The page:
These are all important. But the reality is that the GDC has very little direct relationship with patients and the public. Most of our contacts are with dental professionals and it is through these that the professional standards of oral healthcare are maintained and ensured, and patient safety and public confidence in dental services are maintained.
However, the GDC is just one part of a complex system and I suspect there are other organisations in this room who have a strong interest in patients and the public but, like us, limited direct interaction.
So, my challenge to everyone here today is to ask what can you as a dental leader do, and what can we collectively do as the Dental Leadership Network, directly or indirectly, to really make a positive difference for patients and the public?
Understanding the workforce is a key part of providing oral healthcare and the recent work patterns survey we have launched is an example of something the GDC is doing that should have a wider benefit to patients and the public.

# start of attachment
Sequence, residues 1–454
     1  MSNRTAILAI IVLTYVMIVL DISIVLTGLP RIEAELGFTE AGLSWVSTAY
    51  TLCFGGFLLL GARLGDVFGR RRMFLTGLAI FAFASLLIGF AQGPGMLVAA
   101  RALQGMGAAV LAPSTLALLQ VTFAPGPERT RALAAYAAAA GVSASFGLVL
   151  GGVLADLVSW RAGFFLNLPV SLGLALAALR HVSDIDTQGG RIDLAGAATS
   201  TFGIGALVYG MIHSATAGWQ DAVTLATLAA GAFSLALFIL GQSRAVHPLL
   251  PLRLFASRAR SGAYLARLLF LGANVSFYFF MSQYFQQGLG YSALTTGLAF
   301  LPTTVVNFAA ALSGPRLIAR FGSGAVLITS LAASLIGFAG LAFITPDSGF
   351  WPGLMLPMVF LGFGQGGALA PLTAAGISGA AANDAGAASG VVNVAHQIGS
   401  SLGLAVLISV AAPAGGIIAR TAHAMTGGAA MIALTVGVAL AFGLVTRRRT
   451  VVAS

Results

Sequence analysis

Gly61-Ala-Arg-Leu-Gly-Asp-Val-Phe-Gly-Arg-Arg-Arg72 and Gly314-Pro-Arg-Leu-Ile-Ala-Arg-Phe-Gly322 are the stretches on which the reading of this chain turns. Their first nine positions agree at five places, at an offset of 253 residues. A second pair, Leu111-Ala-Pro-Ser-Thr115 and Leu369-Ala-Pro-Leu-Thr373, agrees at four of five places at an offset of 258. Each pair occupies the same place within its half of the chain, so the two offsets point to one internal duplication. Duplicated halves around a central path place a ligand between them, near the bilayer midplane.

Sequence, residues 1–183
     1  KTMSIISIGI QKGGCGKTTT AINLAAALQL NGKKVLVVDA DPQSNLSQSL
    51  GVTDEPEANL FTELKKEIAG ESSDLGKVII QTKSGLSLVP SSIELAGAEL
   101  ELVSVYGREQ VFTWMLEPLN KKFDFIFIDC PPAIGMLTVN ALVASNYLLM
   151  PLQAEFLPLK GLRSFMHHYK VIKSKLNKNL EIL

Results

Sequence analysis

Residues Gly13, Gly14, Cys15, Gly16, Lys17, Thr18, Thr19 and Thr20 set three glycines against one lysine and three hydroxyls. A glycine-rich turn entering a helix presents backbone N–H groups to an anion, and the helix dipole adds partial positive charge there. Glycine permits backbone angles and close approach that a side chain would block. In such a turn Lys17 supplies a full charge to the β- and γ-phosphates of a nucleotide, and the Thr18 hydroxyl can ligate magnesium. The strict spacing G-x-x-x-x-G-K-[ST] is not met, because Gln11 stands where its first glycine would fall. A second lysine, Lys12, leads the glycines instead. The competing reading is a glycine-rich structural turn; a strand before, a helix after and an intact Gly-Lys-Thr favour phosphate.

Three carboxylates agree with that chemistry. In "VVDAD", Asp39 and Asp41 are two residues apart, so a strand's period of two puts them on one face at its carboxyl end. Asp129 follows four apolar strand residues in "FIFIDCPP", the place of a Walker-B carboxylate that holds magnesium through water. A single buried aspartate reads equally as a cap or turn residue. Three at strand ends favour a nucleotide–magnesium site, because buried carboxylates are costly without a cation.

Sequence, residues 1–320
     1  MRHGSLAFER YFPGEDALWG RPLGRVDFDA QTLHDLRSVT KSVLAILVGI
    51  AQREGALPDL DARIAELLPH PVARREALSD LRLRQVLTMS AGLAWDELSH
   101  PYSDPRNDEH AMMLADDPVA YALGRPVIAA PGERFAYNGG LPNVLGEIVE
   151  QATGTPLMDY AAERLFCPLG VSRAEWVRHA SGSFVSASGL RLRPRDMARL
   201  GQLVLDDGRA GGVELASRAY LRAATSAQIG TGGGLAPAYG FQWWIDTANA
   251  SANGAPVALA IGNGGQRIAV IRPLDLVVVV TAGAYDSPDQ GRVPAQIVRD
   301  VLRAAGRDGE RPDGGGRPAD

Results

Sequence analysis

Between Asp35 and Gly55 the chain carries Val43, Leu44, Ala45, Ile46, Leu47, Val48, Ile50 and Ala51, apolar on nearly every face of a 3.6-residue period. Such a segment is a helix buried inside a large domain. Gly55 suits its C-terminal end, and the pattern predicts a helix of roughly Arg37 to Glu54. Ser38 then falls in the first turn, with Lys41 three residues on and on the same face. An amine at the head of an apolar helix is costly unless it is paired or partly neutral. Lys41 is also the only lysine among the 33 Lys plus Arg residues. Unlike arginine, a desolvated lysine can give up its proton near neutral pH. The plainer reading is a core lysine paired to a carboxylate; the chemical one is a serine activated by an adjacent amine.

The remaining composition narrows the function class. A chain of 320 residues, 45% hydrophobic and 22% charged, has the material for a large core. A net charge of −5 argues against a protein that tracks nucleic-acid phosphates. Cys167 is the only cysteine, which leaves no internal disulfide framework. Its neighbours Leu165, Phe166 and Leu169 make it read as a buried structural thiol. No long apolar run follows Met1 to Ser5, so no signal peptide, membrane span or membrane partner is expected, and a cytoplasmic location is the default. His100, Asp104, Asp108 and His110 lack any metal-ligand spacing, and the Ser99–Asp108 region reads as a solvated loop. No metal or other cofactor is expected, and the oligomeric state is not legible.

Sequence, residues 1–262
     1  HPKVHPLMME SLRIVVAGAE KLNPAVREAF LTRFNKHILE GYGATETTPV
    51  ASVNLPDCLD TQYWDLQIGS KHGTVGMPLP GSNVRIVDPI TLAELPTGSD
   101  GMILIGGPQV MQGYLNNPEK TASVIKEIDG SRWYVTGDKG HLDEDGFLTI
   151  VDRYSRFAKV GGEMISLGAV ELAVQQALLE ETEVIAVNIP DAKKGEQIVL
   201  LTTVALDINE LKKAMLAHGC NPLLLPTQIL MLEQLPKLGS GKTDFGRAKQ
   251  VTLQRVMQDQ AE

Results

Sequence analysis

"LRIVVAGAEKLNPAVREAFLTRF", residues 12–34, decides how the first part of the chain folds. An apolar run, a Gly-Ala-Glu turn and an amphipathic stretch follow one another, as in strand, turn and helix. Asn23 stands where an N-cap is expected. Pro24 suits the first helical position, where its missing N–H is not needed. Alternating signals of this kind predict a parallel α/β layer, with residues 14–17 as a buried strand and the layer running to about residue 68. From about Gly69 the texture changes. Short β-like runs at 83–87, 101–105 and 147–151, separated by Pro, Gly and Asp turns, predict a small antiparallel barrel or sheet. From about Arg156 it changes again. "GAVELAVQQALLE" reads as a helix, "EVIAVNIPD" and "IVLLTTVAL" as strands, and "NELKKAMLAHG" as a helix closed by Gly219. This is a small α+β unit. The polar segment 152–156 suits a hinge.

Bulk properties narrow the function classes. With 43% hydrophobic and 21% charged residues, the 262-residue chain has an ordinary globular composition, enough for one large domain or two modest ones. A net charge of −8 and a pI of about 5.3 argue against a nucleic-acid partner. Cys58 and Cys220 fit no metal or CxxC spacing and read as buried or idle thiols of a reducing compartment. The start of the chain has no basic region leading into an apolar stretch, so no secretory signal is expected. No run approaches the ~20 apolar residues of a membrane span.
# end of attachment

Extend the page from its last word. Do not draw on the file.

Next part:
This additional work pattern data, which will be provided on a voluntary basis, will help to build on the very limited workforce data that currently exists.
And the GDC is able to address this challenge as we are in the unique position of having the most complete data available, a list of everyone who is registered to practise dentistry, across all the professions and the four nations of the UK. However, as you all know, the registration data currently held only tells us who is registered with the GDC and does not provide details of what they are doing.